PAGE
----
Peter Straub is a legendary writer of horror, and has been publishing novels and short stories for decades. Those that have followed him everywhere and sought every new thing he has written won’t find much joy here. This new collection draws on earlier collections. So for fans of Stephen King looking to add a second horror writer to their favorites list, this book is a winner, and it is for this new generation of horror readers that I mark this collection 4 stars. For die-hard Straub fans like me that are looking for stories that haven’t been published before, it may be a disappointment. I read my copy free courtesy of Net Galley and Doubleday in exchange for an honest review.
The first story, Blue Rose, is one of the most chilling, most terribly great stories Straub has ever written. This is probably why once I was partway into it, I suddenly remembered the middle and ending exactly after all these years, with over a thousand works of fiction read between then and now. I also suspect this story may have been featured in multiple collections, although I don’t know it for a fact. Likewise, the stories featured from his Houses Without Doors collection were all stories I remembered having read more recently.
However, I found three stories that had been published earlier in Magic Terror that had somehow slipped my attention. In particular, “Porkpie Hat” and “Mr. Clubb and Mr. Cuff” are well done. I became a Straub fan before I finished college, and also before I was a literature teacher. It is great fun to go back and look at all the miraculous ways he uses imagery and other devices in these two stories to build dread in the reader and connect us in a nearly-visceral way to his protagonists. There is only one story in this collection that pushes my ick button—that part of my gut that turns over when something goes from being sick in an entertaining way to being sick in a way that makes me really feel sick and regretful at what I’d read; this is “The Ballad of Ballard and Sandrine”, originally published as a novella.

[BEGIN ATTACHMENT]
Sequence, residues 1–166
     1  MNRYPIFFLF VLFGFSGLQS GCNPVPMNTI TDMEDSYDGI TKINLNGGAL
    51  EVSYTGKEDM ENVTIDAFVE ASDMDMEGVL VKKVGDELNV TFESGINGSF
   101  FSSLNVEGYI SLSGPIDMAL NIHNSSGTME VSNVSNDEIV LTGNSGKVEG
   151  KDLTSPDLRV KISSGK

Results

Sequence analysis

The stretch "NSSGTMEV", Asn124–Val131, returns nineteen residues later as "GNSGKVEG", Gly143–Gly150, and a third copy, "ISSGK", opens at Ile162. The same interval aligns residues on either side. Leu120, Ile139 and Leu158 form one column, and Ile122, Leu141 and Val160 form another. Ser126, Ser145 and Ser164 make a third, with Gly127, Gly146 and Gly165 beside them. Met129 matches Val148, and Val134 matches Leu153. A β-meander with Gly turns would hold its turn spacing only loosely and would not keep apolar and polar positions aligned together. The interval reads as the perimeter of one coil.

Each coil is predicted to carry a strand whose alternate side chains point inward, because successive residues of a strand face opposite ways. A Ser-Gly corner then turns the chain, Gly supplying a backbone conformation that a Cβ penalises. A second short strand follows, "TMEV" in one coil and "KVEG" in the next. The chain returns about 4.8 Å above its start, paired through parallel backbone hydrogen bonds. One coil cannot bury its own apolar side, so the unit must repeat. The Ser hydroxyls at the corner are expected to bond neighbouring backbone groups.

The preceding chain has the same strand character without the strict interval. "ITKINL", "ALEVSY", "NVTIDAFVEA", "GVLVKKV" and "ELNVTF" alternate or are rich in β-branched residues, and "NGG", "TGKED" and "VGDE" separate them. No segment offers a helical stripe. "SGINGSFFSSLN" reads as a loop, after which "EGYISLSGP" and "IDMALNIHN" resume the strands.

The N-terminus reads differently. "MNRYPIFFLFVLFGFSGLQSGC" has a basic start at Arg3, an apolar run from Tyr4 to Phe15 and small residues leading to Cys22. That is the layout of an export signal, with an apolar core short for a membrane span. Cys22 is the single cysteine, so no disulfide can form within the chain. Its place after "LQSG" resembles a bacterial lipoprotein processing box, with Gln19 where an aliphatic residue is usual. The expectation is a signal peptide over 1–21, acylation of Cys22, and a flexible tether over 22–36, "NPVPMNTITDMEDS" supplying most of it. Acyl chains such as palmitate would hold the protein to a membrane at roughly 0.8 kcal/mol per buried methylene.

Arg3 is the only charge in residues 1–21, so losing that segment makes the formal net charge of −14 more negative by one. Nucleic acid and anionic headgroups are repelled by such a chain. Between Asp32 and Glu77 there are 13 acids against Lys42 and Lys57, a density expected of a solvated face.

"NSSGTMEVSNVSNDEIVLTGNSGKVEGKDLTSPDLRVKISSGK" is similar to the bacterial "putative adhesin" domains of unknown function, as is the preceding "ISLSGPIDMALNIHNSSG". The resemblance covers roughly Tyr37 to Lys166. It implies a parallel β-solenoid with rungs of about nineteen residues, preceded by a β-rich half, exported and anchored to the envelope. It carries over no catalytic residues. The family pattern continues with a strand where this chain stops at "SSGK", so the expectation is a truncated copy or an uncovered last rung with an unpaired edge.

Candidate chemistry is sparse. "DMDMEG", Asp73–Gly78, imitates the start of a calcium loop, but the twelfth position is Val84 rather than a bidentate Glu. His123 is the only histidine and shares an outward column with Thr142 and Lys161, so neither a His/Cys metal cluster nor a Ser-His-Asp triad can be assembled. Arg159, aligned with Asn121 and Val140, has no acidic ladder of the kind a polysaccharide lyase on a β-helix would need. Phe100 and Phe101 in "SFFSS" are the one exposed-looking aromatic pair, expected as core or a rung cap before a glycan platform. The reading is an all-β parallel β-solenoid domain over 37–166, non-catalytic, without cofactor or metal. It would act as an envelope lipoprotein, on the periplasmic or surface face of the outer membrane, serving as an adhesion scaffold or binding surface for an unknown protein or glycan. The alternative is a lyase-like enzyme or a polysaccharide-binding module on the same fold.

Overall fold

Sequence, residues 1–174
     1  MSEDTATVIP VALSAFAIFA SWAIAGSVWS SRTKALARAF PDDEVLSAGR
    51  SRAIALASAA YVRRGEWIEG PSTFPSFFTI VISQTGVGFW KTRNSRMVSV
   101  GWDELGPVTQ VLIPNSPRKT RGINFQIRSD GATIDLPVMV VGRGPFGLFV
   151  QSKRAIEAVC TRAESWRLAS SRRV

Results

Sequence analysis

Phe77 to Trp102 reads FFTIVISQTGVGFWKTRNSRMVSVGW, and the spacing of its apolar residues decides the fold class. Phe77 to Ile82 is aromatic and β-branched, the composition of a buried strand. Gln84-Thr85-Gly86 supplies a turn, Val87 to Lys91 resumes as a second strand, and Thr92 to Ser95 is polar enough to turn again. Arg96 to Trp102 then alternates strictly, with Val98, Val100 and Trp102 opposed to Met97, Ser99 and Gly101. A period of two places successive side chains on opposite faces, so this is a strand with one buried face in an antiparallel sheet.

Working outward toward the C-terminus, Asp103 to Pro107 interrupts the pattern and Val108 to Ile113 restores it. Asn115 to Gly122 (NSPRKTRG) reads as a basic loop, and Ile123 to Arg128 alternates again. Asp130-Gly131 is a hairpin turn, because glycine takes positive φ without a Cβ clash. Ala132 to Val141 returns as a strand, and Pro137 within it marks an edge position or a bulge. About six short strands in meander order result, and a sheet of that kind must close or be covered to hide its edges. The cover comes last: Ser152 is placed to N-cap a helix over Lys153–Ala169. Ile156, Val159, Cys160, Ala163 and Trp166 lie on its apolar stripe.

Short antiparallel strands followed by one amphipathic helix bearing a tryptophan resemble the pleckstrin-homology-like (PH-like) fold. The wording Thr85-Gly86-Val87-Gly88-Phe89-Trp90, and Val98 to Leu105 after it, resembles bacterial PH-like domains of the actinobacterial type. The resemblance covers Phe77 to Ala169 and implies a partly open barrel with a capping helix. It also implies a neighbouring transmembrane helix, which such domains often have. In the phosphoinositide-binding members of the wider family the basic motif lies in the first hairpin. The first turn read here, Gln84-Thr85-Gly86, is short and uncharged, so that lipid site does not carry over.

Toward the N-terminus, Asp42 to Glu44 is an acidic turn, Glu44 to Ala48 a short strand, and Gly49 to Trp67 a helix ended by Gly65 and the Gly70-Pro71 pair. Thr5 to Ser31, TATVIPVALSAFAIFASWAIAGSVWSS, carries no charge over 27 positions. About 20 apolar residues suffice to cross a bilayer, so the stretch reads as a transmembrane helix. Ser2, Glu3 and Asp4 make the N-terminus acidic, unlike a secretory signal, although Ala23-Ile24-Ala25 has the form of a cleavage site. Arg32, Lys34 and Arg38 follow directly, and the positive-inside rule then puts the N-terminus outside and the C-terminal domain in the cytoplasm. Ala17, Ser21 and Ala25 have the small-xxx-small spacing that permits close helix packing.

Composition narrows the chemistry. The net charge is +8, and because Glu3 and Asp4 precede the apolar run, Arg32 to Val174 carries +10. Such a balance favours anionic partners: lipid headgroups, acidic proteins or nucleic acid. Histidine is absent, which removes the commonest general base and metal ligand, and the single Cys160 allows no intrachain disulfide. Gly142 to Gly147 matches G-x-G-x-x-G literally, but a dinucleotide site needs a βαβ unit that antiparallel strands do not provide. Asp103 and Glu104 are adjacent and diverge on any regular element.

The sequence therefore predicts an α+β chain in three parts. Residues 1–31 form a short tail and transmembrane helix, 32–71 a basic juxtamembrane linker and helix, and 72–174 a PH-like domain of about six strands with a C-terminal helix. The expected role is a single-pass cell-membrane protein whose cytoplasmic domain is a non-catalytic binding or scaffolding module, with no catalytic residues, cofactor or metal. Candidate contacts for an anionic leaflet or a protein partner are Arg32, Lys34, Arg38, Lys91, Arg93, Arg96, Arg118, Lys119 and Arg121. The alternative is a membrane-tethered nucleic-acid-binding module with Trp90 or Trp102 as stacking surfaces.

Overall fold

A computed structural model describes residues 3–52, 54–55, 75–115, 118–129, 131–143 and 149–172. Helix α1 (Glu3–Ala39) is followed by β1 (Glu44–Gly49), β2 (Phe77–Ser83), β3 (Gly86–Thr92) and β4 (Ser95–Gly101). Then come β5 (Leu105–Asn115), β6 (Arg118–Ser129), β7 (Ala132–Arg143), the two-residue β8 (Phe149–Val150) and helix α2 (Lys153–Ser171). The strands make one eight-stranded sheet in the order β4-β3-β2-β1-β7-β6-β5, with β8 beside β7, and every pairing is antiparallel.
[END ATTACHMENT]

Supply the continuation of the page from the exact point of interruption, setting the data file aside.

One sad thing in coming back to Straub’s work with more depth of knowledge than I had when I first read it is that I see a problem I didn’t notice before. Straub cannot develop female characters, and falls prey to every stereotype imaginable. There is one story in the “Noir” section where he deliberately uses stereotypes tongue in cheek, but this apparently hasn’t caused him to notice that he practices many of the same habits in the rest of his prose. It is this failure that denies him the fifth star in my rating.
Horror writers love to use kiddies, and Straub is no exception. If you cannot bear to read stories in which fictional children are subjected to cruelties in order to move the story forward, don’t read this book. In fact, if that’s the case for you, this may not even be your genre. Sometimes Straub rescues the kid at the end of the story, but then again, sometimes he doesn’t. And sometimes, it’s gruesome. I would not have cared to read these tales when I was pregnant or raising young children; I was way too close to his fictional characters at that time in my life. I mention this in case it’s true for you right now.
Conservative Christians won’t like this book.
Most of these stories were written for the book buying public of the late twentieth century, the majority of which was Caucasian and perhaps more clueless than most white folks are today. I could not help but notice that none of his scary characters had blue eyes. However, there’s one nicely done story involving allegory as well as wry humor titled “Little Red’s Tango”. In this story a Japanese book buyer turns up and stays awhile; Straub avoided every stereotype and the character was both believable and respectfully drawn. I appreciated it.
Between what I have said here and the table of contents that you can find online, you should know now whether this collection is in your wheelhouse and whether it’s something you want to pursue. It is available for purchase now.